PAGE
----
This post is dedicated to my mother, Yumi, who always told me throughout my life, “I believe in you.” It always made a difference.
I think that I’m more susceptible to clickbait titles than most of my peers because I grew up in a household where The National Enquirer was one of my primary sources of news.
My mom was always busy running the tofu store with my father, and as a big fan of Elvis she always wanted to keep tabs on his latest resurrection from the grave. So whenever she rushed through the shopping line at the supermarket, that’s when she would pick up her newspaper. As a result, I developed a strong interest in Bigfoot, UFOs, and of course the Loch Ness Monster.
When I later left for college I discovered that families with much more education did things differently when it came to their newspaper habits. They tended to subscribe to a few publications that were foreign to me: the Wall Street Journal and the New York Times. For the life of me I couldn’t get excited to read them because they seemed so comparatively boring. As I moved up in life into the graduate school crowd, I became puzzled by something called The New Yorker, which seemed to be a mainstay of many of my classmates’ upbringings. I frankly found it hard to imagine getting excited about this staid, erudite magazine, even though it had funny cartoons.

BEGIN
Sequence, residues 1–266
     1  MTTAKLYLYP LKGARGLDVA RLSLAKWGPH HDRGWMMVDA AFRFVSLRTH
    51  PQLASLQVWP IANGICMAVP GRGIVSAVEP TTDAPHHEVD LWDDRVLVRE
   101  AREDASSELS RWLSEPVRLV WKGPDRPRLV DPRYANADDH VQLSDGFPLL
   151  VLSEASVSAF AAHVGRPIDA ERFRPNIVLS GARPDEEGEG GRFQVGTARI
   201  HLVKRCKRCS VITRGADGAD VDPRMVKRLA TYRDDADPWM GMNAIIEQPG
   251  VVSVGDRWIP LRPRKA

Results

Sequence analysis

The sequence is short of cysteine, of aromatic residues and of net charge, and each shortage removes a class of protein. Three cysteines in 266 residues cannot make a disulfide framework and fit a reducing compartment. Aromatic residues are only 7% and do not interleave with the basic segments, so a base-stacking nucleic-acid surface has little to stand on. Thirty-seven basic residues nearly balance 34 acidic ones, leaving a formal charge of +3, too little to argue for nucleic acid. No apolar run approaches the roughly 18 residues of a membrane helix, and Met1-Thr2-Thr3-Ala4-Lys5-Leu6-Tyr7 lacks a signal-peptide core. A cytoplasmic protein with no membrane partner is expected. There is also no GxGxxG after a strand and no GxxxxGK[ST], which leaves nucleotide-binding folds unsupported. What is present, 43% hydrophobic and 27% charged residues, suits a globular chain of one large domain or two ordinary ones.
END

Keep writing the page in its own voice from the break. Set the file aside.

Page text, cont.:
If all my beliefs came from the narrow worldview of my parents, I might still be comfortably stuck in their world.
Many years later, the Internet has subsumed the mediaverse and I find myself in an algorithmically tuned bubble. When I need to be smarter in business, the bubble bends a little bit and becomes more WSJ-y. When I need to get my current-events game on, the bubble wobbles over to be NYT-y. And when I have nothing better to do, the bubble rearranges itself to be National Enquirer-y for me. Shopping through sensational headlines in search of time to waste is one way I can relive my former childhood, but I can’t spend too much time there. If all my beliefs came from the narrow worldview of my parents, I might still be comfortably…